Three Reasons to Study Christian History

1) History shows you who you are.

How do you know who your father is? He’s whoever your mother tells you he is.

And who your father is, and who his father was, and who his father’s fathers were, directly influences who you are today.

I am proud to look back at my family history. The land my family in Germany lives on today has been in the family for about 800 years or so, maybe more. The land was settled in the days of the Holy Roman Empire. When the land was settled the man in charge was the local Bishop. The man who was second in command was the Voogd. The Voogd represented the Bishop and was charged with protecting and managing the land and the people. When the land was settled, the Bishop was allotted the first piece of land, and the Voogd the second piece. To this day, the address of my family’s land is #2 Wilsum. This is a history I can look back at, and, whether I like it or not, it identifies me, it shows me who I am.

Infinitely more important than my earthly heritage is my heavenly heritage. My Christian fathers have been working, building, spreading the Gospel for two thousand years. Who they were, and what they did, defines who I am, and what I do today.

I know who I am by studying the lives of Christians who came before me.

2) History shows you where you’re going.

Here’s a well known story you may have heard before…

A young woman was preparing a ham dinner. After she cut off the end of the ham, she placed it in a pan for baking.

Her friend asked her, “Why did you cut off the end of the ham?”

And she replied, “I really don’t know but my mother always did, so I thought you were supposed to.”

Later when talking to her mother she asked her why she cut off the end of the ham before baking it, and her mother replied, “I really don’t know, but that’s the way my mom always did it.”

A few weeks later while visiting her grandmother, the young woman asked, “Grandma, why did you always cut off the end of a ham before you baked it?”

Her grandmother replied, “Well dear, otherwise it would never fit into my baking pan.”

When we don’t know our past, we don’t know why we do the things we do now, and we don’t know what we will do in the future.

When I study Christian history, I can see the past things that were done which were good and which were bad, and the results those actions had in the long-term. Then I can make an informed plan for the future.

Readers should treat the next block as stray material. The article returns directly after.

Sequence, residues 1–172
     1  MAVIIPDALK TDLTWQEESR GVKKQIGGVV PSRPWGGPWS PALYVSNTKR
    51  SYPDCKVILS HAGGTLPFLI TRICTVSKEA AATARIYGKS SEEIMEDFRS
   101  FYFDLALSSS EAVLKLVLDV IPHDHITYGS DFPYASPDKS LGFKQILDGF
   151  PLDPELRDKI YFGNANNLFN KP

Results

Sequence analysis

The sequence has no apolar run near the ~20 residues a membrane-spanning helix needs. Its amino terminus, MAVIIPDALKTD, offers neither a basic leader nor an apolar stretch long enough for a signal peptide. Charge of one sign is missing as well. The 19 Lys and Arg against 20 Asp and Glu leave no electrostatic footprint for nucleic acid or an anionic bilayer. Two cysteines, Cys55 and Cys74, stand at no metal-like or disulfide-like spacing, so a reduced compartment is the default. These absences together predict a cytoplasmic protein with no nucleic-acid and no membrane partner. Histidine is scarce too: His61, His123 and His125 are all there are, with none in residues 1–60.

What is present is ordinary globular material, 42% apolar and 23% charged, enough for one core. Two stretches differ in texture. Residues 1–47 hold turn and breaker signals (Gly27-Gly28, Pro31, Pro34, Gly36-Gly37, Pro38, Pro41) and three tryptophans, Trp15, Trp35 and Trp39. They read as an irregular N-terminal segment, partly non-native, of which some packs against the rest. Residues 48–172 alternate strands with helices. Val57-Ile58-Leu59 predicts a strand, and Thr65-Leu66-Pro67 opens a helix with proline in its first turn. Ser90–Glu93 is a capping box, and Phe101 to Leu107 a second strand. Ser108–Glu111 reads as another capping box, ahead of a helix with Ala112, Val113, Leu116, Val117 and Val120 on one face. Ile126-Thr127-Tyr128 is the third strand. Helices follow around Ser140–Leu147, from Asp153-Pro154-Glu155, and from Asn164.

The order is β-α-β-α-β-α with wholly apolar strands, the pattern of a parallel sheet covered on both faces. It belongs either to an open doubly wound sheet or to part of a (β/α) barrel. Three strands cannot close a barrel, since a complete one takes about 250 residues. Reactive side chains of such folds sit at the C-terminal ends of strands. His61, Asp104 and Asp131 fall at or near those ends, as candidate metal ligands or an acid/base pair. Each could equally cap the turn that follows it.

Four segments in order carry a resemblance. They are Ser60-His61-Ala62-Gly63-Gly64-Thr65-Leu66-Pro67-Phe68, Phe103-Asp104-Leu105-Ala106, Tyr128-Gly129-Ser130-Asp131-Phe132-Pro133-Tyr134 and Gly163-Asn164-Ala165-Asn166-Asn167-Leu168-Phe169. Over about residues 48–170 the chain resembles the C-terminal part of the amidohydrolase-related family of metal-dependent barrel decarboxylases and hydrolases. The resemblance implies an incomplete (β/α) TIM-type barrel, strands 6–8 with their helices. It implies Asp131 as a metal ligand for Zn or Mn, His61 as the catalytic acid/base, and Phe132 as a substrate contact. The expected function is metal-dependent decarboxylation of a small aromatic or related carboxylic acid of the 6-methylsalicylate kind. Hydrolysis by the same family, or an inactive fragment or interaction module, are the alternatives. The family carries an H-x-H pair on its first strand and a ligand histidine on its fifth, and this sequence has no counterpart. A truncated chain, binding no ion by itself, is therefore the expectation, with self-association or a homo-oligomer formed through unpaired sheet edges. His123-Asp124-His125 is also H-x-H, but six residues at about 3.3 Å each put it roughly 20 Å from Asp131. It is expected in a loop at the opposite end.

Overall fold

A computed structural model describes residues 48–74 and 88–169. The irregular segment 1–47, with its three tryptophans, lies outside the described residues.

“History doesn’t repeat itself, but it does rhyme.” ~Mark Twain

I recently read about Constantine. There was a fast growing, yet persecuted church in the Roman Empire. Then emperor Constantine gets converted and ends persecution for the Church. Good, right? Or not? Some say that the elimination of persecution killed the Christian movement. Church and State were merged. Or perhaps Christianity grew and spread in ways it could have never before?

So I can study this and ask questions: What would happen if the king of Cambodia became a Christian? The king is highly respected and loved as a father figure. What would that do for the spread of Christianity in Cambodia? Or, do I really care if the Prime Minister of Canada is a Christian when Canadians have no respect for their political leaders?

When studying Cambodian history I ask: Does trying to fill a building on Sunday morning and singing “Hillsong” music make any sense? That doesn’t fit into Cambodian history/religious-culture at all. Cambodian religious history (and present times too) revolves around monasteries. Hmmm, monasteries…

Know your history, know your future.

“History will be kind to me for I intend to write it.” ~Winston Churchill

3) History connects you to those who went before.

Have you ever read about Adoniram Judson? Or Tertullian? Or Barnabas Mam? There are plenty of books and articles about Christians in the past working for Christ. You can read about people who lived a century ago, or ten centuries ago. And no matter where and when they lived, when you read about them, you will find you have a personal connection to them. They are not just empty names living in forgettable times. They are brothers and sisters. They and you serve the same Father. What they fought about, were happy about, and suffered about are all things you can relate to.

With that connection to the past believers we can be encouraged to push forward in what we’re doing now. There is a point and an end to what we are fighting for. We are part of a much greater community which surpasses our own little corner of the planet and our own little breath of time.

So, where to start? Here’s a good book I suggest. It is a good intro to Christian history.

Turning Points: Decisive Moments in the History of Christianity by Mark A Noll